Revelation 2:10

Fear none of those things which thou shalt suffer: behold, the devil shall cast some of you into prison, that ye may be tried; and ye shall have tribulation ten days: be thou faithful unto death, and I will give thee a crown of life.

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GALLERY

~ click to enlarge ~

John Huss before the Council of Constance, by Václav Brožík, 1883, Wikimedia, Public Domain.

Čeština - Zástupce koncilu u Mistra Jeronýma Pražského, 1873, Public Domain, Wikimedia Commons

Wyclif Giving The Poor Priests His Translation of the Bible by William Frederick Yeames

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FURTHER READING

Rumblings of Reformation: Jan Hus and the Hussite Rebellion

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8 thoughts on “John Huss, the early reformers, and how the Church of Rome sees them, Part 1

  1. Good post. I also read the other article. Did you know that ‘Hus’ means ‘goose’ and that the well known saying ‘The goose is cooked, is a reference to his martyrdom? It is also said that Huss prophesied about Luther. one source records this:
    “As the official executioner was about to light the pyre at the feet of the reformer, he said, “Now we will cook the goose.” (Huss in Bohemian means goose.) “Yes”, replied Huss, “but there will come an eagle in a hundred years that you will not reach.”[5]”
    [5] This version of the prophecy is from Ogden Kraut, 95 Theses (Genola, UT: Pioneer Publishers, 1975), p. 150. The prophecy has been preserved in different forms, sometimes translated to be more easily understood. For example, “In 100 years, God will raise up a man whose calls for reform cannot be suppressed.” (see http://www.greatsite.com/timeline-english-bible-history/john-hus.html). Another version is “You are now going to burn a goose (the name of Huss signifying goose in the Bohemian language), but in a century you will have a swan whom you can neither roast nor boil.” (See http://www.scionofzion.com/john_huss.htm). Lutherans use a swan as a symbol and there was apparently a swan on Luther’s coat of arms. And again, “It is thus that you silence the goose, but a hundred years hence there will arise a swan whose singing you shall not be able to silence.” (See http://www.apibs.org/topical/hist6.htm).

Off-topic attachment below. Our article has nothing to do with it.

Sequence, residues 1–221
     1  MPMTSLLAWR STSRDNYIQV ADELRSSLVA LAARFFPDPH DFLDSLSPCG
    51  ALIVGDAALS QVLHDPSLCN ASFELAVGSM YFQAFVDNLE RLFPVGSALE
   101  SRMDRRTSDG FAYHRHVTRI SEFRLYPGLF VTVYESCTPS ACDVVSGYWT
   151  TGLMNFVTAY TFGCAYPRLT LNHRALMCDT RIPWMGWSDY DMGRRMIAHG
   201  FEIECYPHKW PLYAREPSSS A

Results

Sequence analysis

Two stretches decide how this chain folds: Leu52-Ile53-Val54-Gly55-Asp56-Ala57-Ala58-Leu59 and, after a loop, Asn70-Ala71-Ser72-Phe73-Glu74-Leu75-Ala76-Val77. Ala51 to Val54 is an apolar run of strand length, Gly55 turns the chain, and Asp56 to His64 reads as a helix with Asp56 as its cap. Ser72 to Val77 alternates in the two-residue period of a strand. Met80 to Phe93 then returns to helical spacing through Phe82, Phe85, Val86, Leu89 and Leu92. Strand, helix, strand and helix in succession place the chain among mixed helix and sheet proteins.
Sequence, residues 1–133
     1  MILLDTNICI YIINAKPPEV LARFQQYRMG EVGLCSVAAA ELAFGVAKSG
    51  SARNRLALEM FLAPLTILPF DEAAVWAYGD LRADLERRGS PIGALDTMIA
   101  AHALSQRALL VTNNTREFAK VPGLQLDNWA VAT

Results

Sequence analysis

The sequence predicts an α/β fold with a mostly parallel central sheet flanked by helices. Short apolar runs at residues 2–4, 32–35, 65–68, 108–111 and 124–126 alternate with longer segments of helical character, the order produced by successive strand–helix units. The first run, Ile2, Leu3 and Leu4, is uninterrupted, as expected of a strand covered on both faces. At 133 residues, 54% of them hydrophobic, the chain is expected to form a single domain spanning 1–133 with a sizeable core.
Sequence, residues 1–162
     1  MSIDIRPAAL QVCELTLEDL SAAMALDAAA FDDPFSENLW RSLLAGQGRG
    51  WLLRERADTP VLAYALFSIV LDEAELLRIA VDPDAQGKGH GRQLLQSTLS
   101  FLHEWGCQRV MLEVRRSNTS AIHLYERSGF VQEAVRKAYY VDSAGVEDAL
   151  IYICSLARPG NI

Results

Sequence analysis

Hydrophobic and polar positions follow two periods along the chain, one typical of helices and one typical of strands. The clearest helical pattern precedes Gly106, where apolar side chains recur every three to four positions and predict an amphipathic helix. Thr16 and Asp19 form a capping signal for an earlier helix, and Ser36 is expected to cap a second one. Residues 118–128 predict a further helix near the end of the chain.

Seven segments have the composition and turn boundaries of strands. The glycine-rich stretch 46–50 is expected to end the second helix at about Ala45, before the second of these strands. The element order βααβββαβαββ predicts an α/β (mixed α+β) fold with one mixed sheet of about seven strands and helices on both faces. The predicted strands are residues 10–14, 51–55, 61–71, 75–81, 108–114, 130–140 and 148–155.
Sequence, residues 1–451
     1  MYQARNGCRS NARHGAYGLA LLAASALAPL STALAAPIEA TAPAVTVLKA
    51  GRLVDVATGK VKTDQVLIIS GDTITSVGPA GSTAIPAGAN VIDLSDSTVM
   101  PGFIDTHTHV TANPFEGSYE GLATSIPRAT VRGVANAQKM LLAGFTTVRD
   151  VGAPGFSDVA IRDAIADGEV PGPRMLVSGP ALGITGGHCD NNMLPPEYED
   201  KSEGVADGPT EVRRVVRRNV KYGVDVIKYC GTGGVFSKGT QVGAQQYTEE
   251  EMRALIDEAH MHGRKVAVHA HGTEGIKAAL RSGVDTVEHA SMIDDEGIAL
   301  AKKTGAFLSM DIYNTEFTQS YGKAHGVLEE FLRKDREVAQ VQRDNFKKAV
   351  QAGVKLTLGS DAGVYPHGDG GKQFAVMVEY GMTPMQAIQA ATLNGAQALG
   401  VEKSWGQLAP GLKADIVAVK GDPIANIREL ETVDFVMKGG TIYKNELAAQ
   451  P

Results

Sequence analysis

Liked by 2 people

    • Hi, Dan! These were amazing times. The article about Pope Francis seeking an opportunity to promote Christian unity through the anniversary of Huss’s death motivated me to write about Huss – but, I wanted to do more than speak again only about Rome’s guilt. Glad you liked this post because it was a challenge, especially after I read a Roman Catholic article on Francis’ play for unity using Huss and realized that many actually see Huss as despiccable, a villain responsible for a long war. I tried to not let the article shake me and went back to the secular source (Thomson) where he explained so much.

      What you have brought up is very interesting both for the “prophecy” and then how it was recorded differently and yet kept its essential meaning. I’d heard about the swan and goose but not the other versions. Thank you for an interesting comment! God bless you!

      Oh, we should never say his goose is cooked again!!

      Liked by 1 person

  2. I truly enjoy biographical studies of the early church. I have two greatly informative bios on Chrysotom and Jerome. I also have an update version of Eusibius’ Ecclesiastical History beautifully done. It amazes me the sacrifice that others went through so that I could have a personal relationship with Jesus Christ.

    Liked by 2 people

    • I know you’re a reader, Dawnlizjones. And from some of the books you’ve mentioned, which are on your shelves, you’ve read some helpful serious things. Awhile ago I read Eusebius – it was part of my intro to church history. The bios on Chrysostom and Jerome sound interesting. Athanasius is someone I’d like to study. Yes, the suffering… Sometimes it’s frightening but reading Revelation and history puts the suffering in perspective. Paul’s life was so amazing too, and the Lord had him experience so much for the sake of His church.
      Stay tuned – please do! So glad you enjoyed this!
      :0)

      Liked by 2 people